Science Diary: Mohonk – Signals from Nature

Science Diary: Mohonk – Signals from Nature

Music

PH: “You’re constantly looking for signals from nature, and the more you spend your life doing this, the more you’re picking up on the signals the story that nature is telling you.”

JM: At the Mohonk Preserve, in New York’s Hudson Valley, they’ve been listening to and keeping records of the signals from nature for over 100 years. And that’s given them some unique opportunities. Welcome to Pulse of the Planet’s Science Diaries, a glimpse of the world of science from the inside. Paul Huth is director of research at the Mohonk Preserve.

PH: “With 114 years or so of record, you can begin to investigate change over time It’s what we look for here: birds changing, staying over winter, where they hadn’t stayed over winter in the past; changes in mammal population, insect emergence and so forth. We’re basically watching several hundred species for the date of when they emerge during the growing season. So it’s a very broad program that we’re trying to maintain over the long term.”

JM: These kinds of records from one place over a long period of time can give scientists clues as to whether and how our climate may be changing. For Paul Huth, though, it’s not just a matter of keep records.

PH: “A naturalist, or one in tune with nature, uses all of their senses to record: your eyes, of course, watching for cut stumps and drill marks on rock from the old historic carriage roadwork; the smell, of the springness in the air; but also hearingthe sound of birds, the sound of water, all of the senses that you have should be put to use. And I think that the more you can do that, the more you become in tune with nature.”

Please check out our website at pulseplanet.com. Pulse of the Planet’s Science Diaries are made possible by the National Science Foundation. I’m Jim Metzner.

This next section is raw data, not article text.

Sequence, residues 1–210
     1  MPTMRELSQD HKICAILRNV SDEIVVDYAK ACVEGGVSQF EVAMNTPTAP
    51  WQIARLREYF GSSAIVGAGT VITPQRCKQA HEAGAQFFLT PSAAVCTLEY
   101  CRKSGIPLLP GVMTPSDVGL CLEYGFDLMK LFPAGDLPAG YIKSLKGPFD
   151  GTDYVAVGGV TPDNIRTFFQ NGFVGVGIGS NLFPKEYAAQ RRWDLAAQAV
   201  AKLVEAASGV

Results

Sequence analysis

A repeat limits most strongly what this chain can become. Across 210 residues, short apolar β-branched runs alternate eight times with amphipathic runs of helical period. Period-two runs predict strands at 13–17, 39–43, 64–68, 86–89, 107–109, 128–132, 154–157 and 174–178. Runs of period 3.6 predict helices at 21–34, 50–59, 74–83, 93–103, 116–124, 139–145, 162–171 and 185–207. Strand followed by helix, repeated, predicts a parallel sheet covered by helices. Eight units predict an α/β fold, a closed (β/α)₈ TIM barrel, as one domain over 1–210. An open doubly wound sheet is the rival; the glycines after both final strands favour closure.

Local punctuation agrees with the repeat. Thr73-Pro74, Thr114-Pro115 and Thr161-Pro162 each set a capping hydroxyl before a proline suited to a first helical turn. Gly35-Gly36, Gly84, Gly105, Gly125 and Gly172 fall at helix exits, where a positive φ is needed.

Science Diary: Mohonk - Signals from Nature

Naturalists tune in to the rhythms of nature using all of our senses.
Air Date:04/09/2010
Scientist:
Transcript:

Science Diary: Mohonk - Signals from Nature

Music

PH: "You're constantly looking for signals from nature, and the more you spend your life doing this, the more you're picking up on the signals the story that nature is telling you."

JM: At the Mohonk Preserve, in New York's Hudson Valley, they've been listening to and keeping records of the signals from nature for over 100 years. And that's given them some unique opportunities. Welcome to Pulse of the Planet's Science Diaries, a glimpse of the world of science from the inside. Paul Huth is director of research at the Mohonk Preserve.

PH: "With 114 years or so of record, you can begin to investigate change over time It's what we look for here: birds changing, staying over winter, where they hadn't stayed over winter in the past; changes in mammal population, insect emergence and so forth. We're basically watching several hundred species for the date of when they emerge during the growing season. So it's a very broad program that we're trying to maintain over the long term."

JM: These kinds of records from one place over a long period of time can give scientists clues as to whether and how our climate may be changing. For Paul Huth, though, it's not just a matter of keep records.

PH: "A naturalist, or one in tune with nature, uses all of their senses to record: your eyes, of course, watching for cut stumps and drill marks on rock from the old historic carriage roadwork; the smell, of the springness in the air; but also hearingthe sound of birds, the sound of water, all of the senses that you have should be put to use. And I think that the more you can do that, the more you become in tune with nature."

Please check out our website at pulseplanet.com. Pulse of the Planet's Science Diaries are made possible by the National Science Foundation. I'm Jim Metzner.